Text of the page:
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Rónai - The Sonnet of Arvers.docx

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Rónai - The Sonnet of Arvers.docx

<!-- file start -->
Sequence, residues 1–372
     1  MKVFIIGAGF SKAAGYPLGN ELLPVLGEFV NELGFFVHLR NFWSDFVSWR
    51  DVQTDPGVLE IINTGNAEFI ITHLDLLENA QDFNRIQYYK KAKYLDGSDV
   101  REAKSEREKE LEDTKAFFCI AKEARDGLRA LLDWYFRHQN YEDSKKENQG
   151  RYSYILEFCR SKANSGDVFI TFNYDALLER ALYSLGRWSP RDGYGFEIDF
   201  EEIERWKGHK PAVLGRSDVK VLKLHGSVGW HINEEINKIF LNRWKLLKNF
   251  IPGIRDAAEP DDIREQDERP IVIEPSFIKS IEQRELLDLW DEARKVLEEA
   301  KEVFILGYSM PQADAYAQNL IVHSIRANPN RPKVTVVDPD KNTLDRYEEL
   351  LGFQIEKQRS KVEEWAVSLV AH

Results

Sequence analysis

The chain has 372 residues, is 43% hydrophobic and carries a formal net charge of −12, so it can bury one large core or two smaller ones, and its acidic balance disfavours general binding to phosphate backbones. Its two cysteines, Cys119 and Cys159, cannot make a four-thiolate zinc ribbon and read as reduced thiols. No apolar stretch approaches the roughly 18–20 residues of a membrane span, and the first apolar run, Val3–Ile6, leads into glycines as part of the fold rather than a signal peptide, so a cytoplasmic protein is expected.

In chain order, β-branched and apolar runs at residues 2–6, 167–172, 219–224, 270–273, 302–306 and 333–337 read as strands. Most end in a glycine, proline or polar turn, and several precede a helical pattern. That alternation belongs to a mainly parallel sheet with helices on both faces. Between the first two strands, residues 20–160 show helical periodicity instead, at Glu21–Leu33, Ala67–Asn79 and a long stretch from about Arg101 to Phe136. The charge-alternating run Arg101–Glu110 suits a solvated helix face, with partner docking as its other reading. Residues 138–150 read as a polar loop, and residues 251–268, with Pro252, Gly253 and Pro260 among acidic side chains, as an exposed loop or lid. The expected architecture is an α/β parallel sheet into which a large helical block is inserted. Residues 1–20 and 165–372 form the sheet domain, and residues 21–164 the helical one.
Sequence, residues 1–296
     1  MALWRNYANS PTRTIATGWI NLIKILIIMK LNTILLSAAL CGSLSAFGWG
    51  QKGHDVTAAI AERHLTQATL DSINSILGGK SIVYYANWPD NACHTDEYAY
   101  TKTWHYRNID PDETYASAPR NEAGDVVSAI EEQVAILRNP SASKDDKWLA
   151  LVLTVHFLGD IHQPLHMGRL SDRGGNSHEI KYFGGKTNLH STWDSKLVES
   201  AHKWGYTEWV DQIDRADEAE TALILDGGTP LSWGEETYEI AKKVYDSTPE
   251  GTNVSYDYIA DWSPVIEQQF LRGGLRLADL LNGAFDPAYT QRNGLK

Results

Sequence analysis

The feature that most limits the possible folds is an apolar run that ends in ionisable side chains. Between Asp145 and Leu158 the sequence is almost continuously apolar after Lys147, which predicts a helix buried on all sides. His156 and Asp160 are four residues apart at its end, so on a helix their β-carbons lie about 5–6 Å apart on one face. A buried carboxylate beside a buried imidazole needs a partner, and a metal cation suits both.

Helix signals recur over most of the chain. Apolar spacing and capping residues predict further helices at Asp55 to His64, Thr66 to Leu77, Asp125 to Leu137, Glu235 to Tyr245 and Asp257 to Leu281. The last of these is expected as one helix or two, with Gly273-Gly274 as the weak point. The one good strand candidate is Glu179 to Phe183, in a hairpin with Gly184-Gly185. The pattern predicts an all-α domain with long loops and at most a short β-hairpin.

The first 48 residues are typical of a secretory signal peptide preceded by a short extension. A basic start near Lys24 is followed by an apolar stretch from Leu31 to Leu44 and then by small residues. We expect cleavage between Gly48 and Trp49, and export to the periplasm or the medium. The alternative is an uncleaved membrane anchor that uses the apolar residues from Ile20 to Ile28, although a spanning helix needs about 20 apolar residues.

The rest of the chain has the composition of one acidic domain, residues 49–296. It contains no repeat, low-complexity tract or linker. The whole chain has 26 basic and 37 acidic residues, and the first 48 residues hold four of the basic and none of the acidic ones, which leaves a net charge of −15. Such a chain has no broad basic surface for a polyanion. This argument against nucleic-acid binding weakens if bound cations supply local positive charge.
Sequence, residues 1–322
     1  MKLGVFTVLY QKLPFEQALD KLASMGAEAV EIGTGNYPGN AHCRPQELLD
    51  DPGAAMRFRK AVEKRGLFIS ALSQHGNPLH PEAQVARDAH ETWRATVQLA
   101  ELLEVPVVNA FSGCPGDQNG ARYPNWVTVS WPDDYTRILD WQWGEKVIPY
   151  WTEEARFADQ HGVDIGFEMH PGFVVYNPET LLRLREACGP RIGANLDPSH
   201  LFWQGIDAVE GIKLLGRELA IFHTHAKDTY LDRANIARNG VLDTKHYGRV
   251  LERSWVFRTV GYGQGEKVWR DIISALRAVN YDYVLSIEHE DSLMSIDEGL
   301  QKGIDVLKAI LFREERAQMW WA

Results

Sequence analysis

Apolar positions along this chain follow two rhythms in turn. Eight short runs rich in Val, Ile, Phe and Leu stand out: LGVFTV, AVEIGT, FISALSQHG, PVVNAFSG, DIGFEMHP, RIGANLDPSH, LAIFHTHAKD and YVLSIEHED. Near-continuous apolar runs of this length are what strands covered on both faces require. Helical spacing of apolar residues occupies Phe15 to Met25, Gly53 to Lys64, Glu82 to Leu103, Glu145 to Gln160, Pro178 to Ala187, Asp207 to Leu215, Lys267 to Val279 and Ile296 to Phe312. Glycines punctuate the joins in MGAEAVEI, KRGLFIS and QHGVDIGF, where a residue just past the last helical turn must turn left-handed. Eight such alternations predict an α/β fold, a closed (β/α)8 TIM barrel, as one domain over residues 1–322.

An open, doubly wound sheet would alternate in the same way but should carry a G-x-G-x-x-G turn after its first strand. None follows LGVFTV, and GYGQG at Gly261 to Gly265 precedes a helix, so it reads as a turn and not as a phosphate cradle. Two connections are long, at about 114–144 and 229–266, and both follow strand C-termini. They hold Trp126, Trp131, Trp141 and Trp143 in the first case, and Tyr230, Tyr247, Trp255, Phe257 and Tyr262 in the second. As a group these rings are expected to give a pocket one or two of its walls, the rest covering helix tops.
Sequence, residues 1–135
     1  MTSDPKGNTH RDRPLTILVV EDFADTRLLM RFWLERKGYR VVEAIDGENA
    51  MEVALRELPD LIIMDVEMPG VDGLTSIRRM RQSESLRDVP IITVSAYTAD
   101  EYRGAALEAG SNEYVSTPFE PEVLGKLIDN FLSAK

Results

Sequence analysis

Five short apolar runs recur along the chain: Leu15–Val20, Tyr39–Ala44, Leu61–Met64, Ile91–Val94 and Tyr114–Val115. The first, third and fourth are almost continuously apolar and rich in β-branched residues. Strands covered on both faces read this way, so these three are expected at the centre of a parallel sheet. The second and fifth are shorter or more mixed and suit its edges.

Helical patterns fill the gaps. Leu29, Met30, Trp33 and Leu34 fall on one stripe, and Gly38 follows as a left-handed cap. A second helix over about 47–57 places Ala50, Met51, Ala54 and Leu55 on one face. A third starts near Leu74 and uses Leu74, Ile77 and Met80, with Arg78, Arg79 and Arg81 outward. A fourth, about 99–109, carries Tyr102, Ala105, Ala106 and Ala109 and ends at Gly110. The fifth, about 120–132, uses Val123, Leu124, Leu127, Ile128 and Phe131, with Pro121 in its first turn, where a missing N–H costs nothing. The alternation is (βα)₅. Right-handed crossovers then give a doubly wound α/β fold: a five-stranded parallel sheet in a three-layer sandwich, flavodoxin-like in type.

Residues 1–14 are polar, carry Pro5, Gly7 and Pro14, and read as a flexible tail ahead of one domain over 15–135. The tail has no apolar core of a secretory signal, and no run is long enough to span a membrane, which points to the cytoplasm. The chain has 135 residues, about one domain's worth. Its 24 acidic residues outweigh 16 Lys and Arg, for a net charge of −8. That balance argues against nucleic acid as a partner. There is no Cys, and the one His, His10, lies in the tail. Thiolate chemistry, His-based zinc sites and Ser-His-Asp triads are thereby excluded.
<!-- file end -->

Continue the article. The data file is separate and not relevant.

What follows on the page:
The Sonnet of Arvers By Paulo Rónai Translated by Tom Moore   At first I thought the idea of devoting an entire book to a single poem was odd. Even if it were a poem which was tumultuous, full of mysteries, like Rimbaud’s Le bateau ivre, for which Augusto Meyers promises an exegesis in the near future, or a disturbing little poem, all made of implications, such as the “Prêto no Branco” which Lêdo Ivo used recently as the pretext for a spirited analysis of the art of Manuel Bandeira! But the “Sonnet of Arvers”, a little work that everyone knows by heart, and never posed any enigmas to the imagination! and which, moreover, can already be summed up by its first quatrain: Mon âme a son secret, ma vie a son mystère: Un amour eternal en un moment conçu; Le mal est sans espoir, aussi j’ai dû le taire,   Et celle qui l’a fait n’en a jamais rien su.  Tant de bruit pour un sonnet! As I did not know the author, I had formed an erroneous idea of the book. And so I let it sit in the bookshelf for a long time without opening it, pointlessly delaying the pleasure which reading it would give me. Mr. Melo Nóbrega, whose bibliography is not notable for its quantity, already dedicated a volume to the history of the river Tietê. His present objective, though it may seem insignificant in comparison with the previous one, encloses an unforeseen wealth of confluences and ramifications, which only a sagacious and cultivated spirit would be able to discover.  Above all else, his sense of measure is praiseworthy, a quality rare in authors of monographs, who are often inclined to overvalue the topic which has monopolized their attention for such a long time. Recognizing the mediocrity of the “king of sonnets”, he treats him rather as a phenomenon of literary life, and not as a pure esthetic product, and is principally interested in the problem of the survival of these fourteen isolated lines, unsupported by any other work by Arvers, a minor Romantic poet. He shows how, within them, a commonplace of poetry of every age, but especially of Romantic poetry, came to be expressed in a balanced form, directly and simply, free from Romantic exaggerations. With its genesis and literary fate explained, not only does the sonnet gain a panoramic perspective, but other perspectives open on the relation of the work of art to the life of the author, with critical reception, with the public, with posterity. Drawing on vast erudition, but which never become heavy, being subordinated to the control of good taste, the chapters of this delicious study unfold, together offering a model of literary monography. We are first introduced to the environment in which the sonnet unfolded, the Bibliothèque de l’Arsenal in the time of Chares Nodier, and we see the modest figure of Félix Arvers pass through, amidst contemporaries of the first rank, and sigh platonically for the muse of the salon, Nodier’s daughter. The sonnet appears, of limited srcinality, in the weave of which we see echoes and perhaps unconscious reminiscences of lines from earlier poets; its vicissitudes, the periodic neglect which envelops it, its  successive rediscoveries are related with the finesse of one who always knows how to bring out the revealing or picturesque detail. The same selective spirit puts in order the allusions, replies, imitations and pastiches which the sonnet gave rise to, until in the final chapter Melo Nóbrega lingers over a critical examination of the most well-known of its innumerable Brazilian translations.  As the principal value of the study lies precisely in its bringing together small but meaningful details, it is impossible to summarize it. Particularly instructive are the data concerning the great number of misunderstandings which contributed toward the crystallization of its fragile but enduring glory. The love which inspired the sonnet was not one of those great romantic passions; the situation it describes (sentiment unknown to the woman who provoked it) did not correspond to reality; the reply circulated as being from the pitiless muse was nothing more than a pastiche; the artistic perfection of the verses is a myth, which vanishes upon deeper study. To sum up, everything about the sonnet is mediocre: the protagonists, the sentimento, the events  –  but, through a miracle unique in his otherwise insignificant work,  Arvers brought together these elements in their culminating moment, this unique instant of poetry latent in the life of every person. The extraordinary success of the sonnet in Brazil, where its translation became so to speak an obligatory test for poets, and the name of the poet a conventional rhyme for mulher (woman), suggests to the commentator some acute observations on the possibility of translating poetry in general, as well as the degree of approximation achieved by the various translators. It is interesting to note that this poem, so often translated into Portuguese, would seem rather to discourage this, since none of the rhymes, once translated, continues to rhyme. Those translators who hang on to any of them fail in their attempt: thus, for example, one who retains mistério at the end of the first line, through fidelity to mystère in the French, is then forced to rhyme it with cemitério, refrigério, etéreo, funéreo, sério, etc., words that involve a distortion of the meaning and compromise the discretion and moderation that are the chief values of the srcinal.  Among the versions considered in the volume, that of D. Pedro II deserves special attention (happy age in which monarchs translated sonnets!), less for its esthetic value (“The transl ation by our benevolent Emperor does not add to his literary merit”), than for the fact that in the imperial translation none of the six verbs of the first strophe of the srcinal are carried over: Segrêdo d’alma, da existência arcano,  Eterno amor um instante concebido, Mal sem esperança, oculto a ente humano, E nunca de quem fe-lo, conhecido. If this metamorphosis of six orations into a single exclamation is quite curious, there are other translations which are no less picturesque and unexpected. A cotejo of the best of them  –  of which Prof. Júlio Nogueira spiritedly tried to create a fusion  –  leads us to suppose that, at least in theory, there should be only one perfect translation into Portuguese which is possible, which remains to be achieved. There is, then no reason for translators to give up hope: the “Sonnet” of Arvers, with which we are already so saturated, is still waiting, in spite of the hundreds of attempts which have already been made, for its definitive incorporation into the lyric poetry of the Portuguese language. To my mind, from this point on, its greatest merit, more than transmuting a sentimental truism into poetry, consists in having stimulated the appearance of this handsome essay, a true model for scholars who have decided to focus on isolated works of literature, especially  for the future authors of doctoral dissertations. Melo Nóbrega has offered us the work of a true humanist.